During my recent weekend in San Francisco, my girlfriend and I had a very nice dinner at Koo. My goal was finding some Ashai Kuronama (Japanese black beer, see my posts: http://chowhound.chow.com/topics/533464, http://chowhound.chow.com/topics/528842), and Koo won out over Murasaki mostly because of others' comments on this thread.
We opted for the omakase at the counter and were very pleased with Kiyoshi-san’s selections and preparations, spanning most of the catch of the day:
- An appetizer of scallops, beets, and heirloom tomatoes w/ shiso leaf and miso sauce. Great combination of fresh flavors.
- Spoonfuls of happiness: One spoon with urchin (uni) and quail egg (uzura no tamago); a second spoon of monkfish liver (ankimo) and sea bream (madai). The course was served with a glass of Suigei sake, a drink of which should be taken after each whole spoonful is consumed preferably in one mouthful.
- Selection of sashimi: tuna, amberjack (kanpachi), deep sea red snapper (kinme-dai), and copper river river salmon
- Smoked monkfish liver (ankimo). I think this was a little specialty of Kiyoshi-san. I’ve not had this anywhere else, and it was delicious.
- Three more unique items served together on one plate: tuna, avocado, and nori on shrimp toast w/ scallions, shallots, and nori; a half jalapeno stuffed w/ hamachi; and eggplant with sesame and ginger
- Japanese vegetables – taro, mushroom, mountain yam. Classic Japanese preparation.
- Sushi and sashimi courses: sea perch (akamutsu), barracuda (kamasu), spanish mackerel (aji), flying fish (tobiuo), white salmon, giant clam (mirugai), and fresh scallop (hotategai)
All the fish was top quality. I really enjoyed the Japanese vegetables which brought me back to Japan; I’ve had these in only a few restaurants in the U.S. The fresh scallop sashimi was served pristinely and was a beautiful way to end (on the west coast for some reason, I usually can get it only with some sort of mayonnaise dressing).
The restaurant is very pleasingly appointed and there was nice jazz playing in the background. Although we made reservations (to ensure we had places at the counter), it didn’t seem crowded on this particular Sunday night, and I suspect most diners were regulars as it seemed a familiar group. In fact, the girl sitting next to us at the counter was a Koo waitress dining there on her night off.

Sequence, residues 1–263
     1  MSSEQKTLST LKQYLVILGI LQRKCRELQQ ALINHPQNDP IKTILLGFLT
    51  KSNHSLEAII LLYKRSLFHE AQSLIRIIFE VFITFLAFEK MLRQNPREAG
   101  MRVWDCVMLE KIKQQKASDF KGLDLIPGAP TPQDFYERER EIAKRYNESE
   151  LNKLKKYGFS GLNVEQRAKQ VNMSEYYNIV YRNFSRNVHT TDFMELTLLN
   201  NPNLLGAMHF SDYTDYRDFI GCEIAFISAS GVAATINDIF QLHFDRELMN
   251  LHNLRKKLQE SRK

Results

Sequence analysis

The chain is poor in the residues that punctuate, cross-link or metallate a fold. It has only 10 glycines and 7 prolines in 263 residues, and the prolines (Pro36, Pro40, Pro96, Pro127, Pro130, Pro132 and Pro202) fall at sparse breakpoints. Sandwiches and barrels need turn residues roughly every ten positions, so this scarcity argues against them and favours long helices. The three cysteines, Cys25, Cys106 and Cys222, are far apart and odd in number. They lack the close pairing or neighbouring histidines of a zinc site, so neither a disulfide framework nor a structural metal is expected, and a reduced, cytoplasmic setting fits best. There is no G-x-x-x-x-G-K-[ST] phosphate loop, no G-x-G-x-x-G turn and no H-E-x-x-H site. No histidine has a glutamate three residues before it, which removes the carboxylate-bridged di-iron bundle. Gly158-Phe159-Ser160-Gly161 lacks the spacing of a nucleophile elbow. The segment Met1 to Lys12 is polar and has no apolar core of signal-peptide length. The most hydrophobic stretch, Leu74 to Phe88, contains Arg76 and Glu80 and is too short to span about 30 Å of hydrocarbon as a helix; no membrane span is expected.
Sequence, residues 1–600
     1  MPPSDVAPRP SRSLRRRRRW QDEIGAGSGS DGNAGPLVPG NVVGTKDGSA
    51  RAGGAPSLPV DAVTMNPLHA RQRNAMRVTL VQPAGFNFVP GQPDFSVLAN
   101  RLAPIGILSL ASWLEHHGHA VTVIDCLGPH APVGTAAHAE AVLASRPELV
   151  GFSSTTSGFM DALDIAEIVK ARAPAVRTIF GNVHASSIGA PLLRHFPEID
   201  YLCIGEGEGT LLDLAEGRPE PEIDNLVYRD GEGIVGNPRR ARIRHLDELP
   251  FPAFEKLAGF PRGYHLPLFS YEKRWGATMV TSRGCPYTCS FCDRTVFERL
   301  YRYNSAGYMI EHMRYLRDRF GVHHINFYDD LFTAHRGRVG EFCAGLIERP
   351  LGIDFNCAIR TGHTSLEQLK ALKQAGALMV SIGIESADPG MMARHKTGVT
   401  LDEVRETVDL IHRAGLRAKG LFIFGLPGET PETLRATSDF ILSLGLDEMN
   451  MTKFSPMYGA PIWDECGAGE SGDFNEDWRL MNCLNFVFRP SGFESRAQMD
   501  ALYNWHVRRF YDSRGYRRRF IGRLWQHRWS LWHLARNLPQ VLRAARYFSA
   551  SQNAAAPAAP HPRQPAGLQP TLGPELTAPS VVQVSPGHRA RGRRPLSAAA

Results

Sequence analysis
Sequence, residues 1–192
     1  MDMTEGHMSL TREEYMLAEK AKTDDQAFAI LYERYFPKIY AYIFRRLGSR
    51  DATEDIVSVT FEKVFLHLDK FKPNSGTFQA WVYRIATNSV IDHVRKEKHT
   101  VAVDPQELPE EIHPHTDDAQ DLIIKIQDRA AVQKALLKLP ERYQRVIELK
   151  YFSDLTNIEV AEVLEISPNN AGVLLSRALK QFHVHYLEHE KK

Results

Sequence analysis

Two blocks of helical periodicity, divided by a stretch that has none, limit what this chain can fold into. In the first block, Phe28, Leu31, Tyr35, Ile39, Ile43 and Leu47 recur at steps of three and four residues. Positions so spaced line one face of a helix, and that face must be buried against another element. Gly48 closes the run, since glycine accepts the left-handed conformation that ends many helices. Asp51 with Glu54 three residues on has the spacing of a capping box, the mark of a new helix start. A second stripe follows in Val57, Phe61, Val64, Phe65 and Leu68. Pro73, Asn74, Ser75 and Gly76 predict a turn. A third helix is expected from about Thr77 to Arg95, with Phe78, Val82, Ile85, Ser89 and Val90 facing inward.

I’d definitely return (and not just for the Kuronama, of which I had two bottles). For those on this board who have made comment about SF sushi not living up well to expectations of chowhounds from NYC and LA (and where I have sushi frequently), I think Koo deserves mention as an exception. It’s also a great value, the bill coming in at about a third less than I thought it would.
Thank you for your detailed omakase report at Koo. A shame that not too many people seem to have the same expectation or did not get the equivalent experience for that matter.
Koo's strength is really in their cooked dishes but I think they also do sushi pretty well (especially when presented in the mix) and overall a superb blend of everything in a meal that rivals a fancy haute cuisine Cali French type experience (although at the sushi counter). The spoonfuls of happiness and the smoked ankimo are must-haves especially on a first visit and it is good that Kiyoshi-san had the accumen to serve those (in addition to being one amazing chef who blends the knowledge of Japanese tradition with Western elements, and do fusion extremely well and smooth, unlike many other places).
Kiyoshi-san's wife is also an accomplished dessert chef and I hope you had the chance to try her work that night. If not maybe next time.
I'm happy to report that for mid-priced fresh sushi and sashimi, Sushi Koo still fits the bill very very well.
As usual, very friendly itamae as well, and not averse to providing rather long explanations in English. :-)